US government argues that family torn apart at border must wait its turn to be reunited
The government argued Thursday in Massachusetts District Court that it was unfair for a 9-year-old boy who was taken from his mother at the US-Mexico border and is being held in Texas to “leapfrog over children with the same issues ” and be immediately reunited with his mother.
Assistant US Attorney Eve Piemonte told US District Judge George A. O’Toole Jr. that the government is “on track” to reunite mother and son by July 26 as ordered by a federal judge in California.
Nearly 3,000 children were taken by the government at the border under President Trump’s “zero tolerance” policy, and late last month, the judge in California ordered the reunification of those under age 5 by Thursday and all others by the end of the month.
But four Massachusetts women sued, saying the government had placed unreasonable roadblocks in their paths to reunite with their children. All but one, a 35-year-old Brazilian woman identified only by her initials W.R., have since been reunited with their children.
W.R. fled Brazil with her 9-year-old son, identified as A.R., after her husband became violent toward them both and tried to pull the 9-year-old into drug trafficking, her attorney Lucy Heenan Ewins argued in court. W.R. crossed the border in Arizona and, seeking asylum, presented herself to immigration authorities.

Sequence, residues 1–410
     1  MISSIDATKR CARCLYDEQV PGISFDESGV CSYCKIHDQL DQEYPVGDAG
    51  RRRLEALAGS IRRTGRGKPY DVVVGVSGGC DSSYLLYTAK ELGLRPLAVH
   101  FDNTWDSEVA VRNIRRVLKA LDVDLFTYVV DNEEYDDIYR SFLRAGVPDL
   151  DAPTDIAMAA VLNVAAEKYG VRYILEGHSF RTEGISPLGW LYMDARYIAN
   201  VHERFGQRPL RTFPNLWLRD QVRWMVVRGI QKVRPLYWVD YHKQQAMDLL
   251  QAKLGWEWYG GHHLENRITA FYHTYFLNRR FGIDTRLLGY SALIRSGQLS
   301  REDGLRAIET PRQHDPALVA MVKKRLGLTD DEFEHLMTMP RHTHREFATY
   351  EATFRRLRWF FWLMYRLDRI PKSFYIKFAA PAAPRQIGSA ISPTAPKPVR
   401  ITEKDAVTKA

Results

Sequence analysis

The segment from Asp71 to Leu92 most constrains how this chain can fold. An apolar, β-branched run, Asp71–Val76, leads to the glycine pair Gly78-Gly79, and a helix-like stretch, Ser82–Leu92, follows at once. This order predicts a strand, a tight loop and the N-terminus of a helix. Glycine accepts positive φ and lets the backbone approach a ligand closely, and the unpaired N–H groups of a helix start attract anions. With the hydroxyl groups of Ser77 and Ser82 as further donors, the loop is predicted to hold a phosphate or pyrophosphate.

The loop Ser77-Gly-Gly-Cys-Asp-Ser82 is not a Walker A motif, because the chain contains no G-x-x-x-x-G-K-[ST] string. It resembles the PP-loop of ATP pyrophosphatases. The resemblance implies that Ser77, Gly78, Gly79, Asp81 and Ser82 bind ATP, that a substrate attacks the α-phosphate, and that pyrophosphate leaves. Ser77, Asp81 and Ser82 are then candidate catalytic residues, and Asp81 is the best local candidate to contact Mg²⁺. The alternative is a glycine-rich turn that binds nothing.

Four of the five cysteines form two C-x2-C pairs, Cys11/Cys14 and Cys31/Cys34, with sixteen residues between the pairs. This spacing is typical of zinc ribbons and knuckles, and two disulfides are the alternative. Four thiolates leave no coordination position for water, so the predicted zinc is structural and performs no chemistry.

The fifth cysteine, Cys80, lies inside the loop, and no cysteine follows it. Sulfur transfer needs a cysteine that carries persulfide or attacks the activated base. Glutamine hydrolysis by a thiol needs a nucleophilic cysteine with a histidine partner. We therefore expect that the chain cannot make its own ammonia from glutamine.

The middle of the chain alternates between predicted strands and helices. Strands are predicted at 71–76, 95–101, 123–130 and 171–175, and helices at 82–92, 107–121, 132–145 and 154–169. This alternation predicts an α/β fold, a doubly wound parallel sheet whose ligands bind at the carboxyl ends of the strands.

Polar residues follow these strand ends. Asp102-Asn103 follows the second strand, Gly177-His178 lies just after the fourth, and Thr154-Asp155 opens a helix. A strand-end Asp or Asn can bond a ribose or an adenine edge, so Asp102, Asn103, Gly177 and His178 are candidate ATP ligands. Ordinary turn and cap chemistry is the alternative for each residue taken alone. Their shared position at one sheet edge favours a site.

She and her son were then taken into custody but held in separate “cages” for two days, she said. Immigration authorities removed her son from his enclosure, and she hasn’t seen him since. That was 43 days ago as of Thursday.
“There is nothing here that says A.R. needs to leapfrog the line,” Piemonte argued. “While it might be traumatic for him, it might not be any more traumatic than any other child.”
She said reuniting mother and son before the July 26 deadline would “divert resources from an orderly and timely reunification” of the other children who remain separated from their parents.
The boy, she said, has normal eating and sleeping patterns, enjoys learning Spanish, has access to Portuguese-speaking staff members at the facility where he’s being held, sees a counselor, and speaks with his mother four times a week.
Heenan Ewins called the government’s assertions “preposterous” and “simply not credible.”
“He is a victim of abuse. He is a traumatized child, and he is being traumatized over and over again,” she said, adding that the government has not given any “legitimate” rationale for delaying the family’s reunification.
W.R. and her brother and sister-in-law, who they will live with in Massachusetts, have been fingerprinted for criminal background checks, and a site visit of the home has been conducted.
O’Toole did not issue a ruling Thursday, saying he would take “the matter under advisement.”